As the Phoenix market grows, so does the demand for goods and places to sort, store and ship them. At the same time, the cost of doing business in coastal markets is becoming unmanageable for some companies, so Phoenix is a very attractive (and much more affordable) alternative. This double whammy has turned Phoenix into an emerging hub for new warehouse facilities and fulfillment and distribution centers.
“There are several factors positioning Phoenix as a distribution/warehouse leader in the region,” said Mike Sacco, vice president of the Western Regional Office for EastGroup Properties, a major industrial developer in the U.S. “Major factors include its geographic location in relation to other major markets, an overall favorable business environment, the lack of natural disasters, reliable and relatively cheap energy and the climate, which virtually eliminates weather related transportation delays.”
About 35 million consumers in the Western United States are within a day’s truck haul from warehouses in Phoenix, one of the hottest industrial markets in the country right now as developers rush in to meet e-commerce and third-party logistics demand. Phoenix is well-positioned not just because of its location, but also because it has a robust freeway system. New freeways like the Loop 303 and the South Mountain Freeway have opened up new areas of development that will put more square footage within close proximity to major freeways.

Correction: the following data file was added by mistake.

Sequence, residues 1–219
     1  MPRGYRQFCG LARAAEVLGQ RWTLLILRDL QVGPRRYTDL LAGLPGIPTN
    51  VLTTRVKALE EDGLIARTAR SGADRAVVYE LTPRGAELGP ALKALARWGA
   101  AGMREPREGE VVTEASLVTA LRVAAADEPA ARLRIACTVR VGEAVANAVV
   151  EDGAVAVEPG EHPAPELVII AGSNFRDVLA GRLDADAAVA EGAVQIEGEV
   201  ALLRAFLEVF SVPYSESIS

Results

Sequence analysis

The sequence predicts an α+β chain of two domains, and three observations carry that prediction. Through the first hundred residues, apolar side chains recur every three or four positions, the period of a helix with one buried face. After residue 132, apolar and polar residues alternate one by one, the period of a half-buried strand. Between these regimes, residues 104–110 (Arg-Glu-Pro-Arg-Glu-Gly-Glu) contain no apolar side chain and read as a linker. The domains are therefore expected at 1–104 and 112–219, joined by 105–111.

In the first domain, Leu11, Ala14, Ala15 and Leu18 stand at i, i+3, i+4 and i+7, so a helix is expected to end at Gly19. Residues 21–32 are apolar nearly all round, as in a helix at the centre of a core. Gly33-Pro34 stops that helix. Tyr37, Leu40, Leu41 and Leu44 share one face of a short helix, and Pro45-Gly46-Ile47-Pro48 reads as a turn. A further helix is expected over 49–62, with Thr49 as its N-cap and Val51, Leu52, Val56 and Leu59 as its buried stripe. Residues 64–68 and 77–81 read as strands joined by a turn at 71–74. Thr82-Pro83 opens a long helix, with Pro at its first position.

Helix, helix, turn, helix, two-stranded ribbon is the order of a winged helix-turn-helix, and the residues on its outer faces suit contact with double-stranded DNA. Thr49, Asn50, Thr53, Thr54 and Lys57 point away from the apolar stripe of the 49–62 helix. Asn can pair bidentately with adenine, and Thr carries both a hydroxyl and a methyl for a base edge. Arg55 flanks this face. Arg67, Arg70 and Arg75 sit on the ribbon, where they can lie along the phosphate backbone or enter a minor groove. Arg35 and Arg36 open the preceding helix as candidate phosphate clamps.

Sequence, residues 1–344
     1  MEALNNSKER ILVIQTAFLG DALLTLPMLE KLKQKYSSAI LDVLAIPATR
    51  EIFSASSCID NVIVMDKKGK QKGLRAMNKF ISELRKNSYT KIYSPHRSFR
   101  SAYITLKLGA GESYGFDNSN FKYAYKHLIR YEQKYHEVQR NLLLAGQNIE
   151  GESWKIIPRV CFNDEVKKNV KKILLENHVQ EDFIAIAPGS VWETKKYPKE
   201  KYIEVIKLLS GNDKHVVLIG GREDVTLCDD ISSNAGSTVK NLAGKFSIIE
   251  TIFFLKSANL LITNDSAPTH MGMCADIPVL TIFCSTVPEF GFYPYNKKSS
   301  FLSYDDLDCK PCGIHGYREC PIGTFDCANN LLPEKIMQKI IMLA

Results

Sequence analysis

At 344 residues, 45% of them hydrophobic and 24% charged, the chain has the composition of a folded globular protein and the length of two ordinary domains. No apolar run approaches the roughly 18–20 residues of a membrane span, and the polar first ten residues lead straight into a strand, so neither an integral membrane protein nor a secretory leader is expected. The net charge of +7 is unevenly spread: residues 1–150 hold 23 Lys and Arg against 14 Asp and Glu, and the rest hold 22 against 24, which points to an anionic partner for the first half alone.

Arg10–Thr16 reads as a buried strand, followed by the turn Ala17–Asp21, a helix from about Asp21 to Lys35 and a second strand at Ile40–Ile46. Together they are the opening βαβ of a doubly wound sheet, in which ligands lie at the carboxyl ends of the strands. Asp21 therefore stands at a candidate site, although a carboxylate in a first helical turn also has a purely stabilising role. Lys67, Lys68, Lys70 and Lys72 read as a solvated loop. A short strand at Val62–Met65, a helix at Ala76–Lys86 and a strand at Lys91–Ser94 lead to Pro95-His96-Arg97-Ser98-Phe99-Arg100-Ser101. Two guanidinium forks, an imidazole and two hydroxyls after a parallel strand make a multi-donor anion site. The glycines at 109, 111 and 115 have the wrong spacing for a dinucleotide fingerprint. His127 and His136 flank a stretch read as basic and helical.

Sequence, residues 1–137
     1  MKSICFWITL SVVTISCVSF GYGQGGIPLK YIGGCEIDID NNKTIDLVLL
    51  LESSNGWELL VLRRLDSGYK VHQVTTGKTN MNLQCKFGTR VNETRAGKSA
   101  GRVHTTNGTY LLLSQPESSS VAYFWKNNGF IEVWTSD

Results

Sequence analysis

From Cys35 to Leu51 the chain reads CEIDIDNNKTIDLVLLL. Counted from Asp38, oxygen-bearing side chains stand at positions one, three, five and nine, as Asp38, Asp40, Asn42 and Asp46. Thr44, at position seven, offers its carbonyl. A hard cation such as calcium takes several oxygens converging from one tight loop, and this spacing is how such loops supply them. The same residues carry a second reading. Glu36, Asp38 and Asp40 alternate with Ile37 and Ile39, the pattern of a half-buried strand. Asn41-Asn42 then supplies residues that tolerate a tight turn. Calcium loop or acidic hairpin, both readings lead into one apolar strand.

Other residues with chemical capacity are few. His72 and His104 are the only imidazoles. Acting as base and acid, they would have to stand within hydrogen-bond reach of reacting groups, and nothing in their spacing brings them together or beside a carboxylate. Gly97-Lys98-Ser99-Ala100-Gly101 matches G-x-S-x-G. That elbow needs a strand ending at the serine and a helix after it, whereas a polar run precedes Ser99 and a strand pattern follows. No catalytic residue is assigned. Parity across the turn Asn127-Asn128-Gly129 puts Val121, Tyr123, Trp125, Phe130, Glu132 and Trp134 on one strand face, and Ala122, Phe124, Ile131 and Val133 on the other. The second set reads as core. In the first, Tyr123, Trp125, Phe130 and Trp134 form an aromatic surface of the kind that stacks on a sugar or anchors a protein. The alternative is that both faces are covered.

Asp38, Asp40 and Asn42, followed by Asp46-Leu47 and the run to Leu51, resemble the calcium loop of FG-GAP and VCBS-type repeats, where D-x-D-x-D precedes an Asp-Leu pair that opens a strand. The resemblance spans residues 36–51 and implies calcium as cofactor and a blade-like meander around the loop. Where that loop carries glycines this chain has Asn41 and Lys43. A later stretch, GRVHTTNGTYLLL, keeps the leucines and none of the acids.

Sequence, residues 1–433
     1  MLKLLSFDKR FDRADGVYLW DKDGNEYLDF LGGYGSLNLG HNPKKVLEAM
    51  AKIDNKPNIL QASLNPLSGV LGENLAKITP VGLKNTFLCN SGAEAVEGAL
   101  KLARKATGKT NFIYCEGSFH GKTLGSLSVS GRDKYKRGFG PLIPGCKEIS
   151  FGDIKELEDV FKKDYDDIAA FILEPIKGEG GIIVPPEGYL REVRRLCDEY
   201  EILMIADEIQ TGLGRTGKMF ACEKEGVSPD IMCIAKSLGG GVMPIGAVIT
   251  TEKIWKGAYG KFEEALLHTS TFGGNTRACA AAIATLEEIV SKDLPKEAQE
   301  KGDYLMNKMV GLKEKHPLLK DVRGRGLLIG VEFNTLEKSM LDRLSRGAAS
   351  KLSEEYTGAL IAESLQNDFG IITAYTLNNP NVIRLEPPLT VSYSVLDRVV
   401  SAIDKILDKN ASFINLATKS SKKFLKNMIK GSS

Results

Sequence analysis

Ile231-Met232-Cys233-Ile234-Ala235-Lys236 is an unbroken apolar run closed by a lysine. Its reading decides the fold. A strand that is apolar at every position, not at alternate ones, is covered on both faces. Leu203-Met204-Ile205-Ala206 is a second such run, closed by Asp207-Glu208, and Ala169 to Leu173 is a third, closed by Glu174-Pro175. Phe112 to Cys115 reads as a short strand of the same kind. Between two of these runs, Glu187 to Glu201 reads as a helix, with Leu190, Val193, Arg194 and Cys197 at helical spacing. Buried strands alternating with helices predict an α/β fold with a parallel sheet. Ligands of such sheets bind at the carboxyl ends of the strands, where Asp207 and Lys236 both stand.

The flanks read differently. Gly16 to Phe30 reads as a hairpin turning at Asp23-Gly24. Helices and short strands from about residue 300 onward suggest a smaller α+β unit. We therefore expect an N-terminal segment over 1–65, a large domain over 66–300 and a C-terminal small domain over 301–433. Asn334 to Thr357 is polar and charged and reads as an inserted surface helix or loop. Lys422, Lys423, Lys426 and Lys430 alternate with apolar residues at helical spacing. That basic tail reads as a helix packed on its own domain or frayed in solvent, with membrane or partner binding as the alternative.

According to the Colliers International Q4 2018 Industrial Market Report, developers delivered 7.8 million square feet of new industrial space to the Phoenix market in 2018. Of that space, 5.4 million (or 70 percent) was warehouse space and 1.6 million was distribution space.
The figures for 2019 are trending in a very similar fashion, according to Cushman & Wakefield’s 2019 Q2 Industrial Market Report. As of the end of Q2, there was 7.6 million square feet of industrial product under construction in the Greater Phoenix market and 4.1 million square feet of that is distribution related space. The majority of this new distribution space is centered in the Southwest submarket, with 2.6 million square feet in the pipeline. Glendale has 1.5 million square feet under construction and the Gilbert/Gateway Airport submarket and the Chandler submarket combine for 2 million square feet.
This new burst of distribution space is not like the old school warehouses. Past warehouses were tiny compared to the modern industrial buildings, and the new generation of distribution center is more efficient, both in functionality and in cost to operate.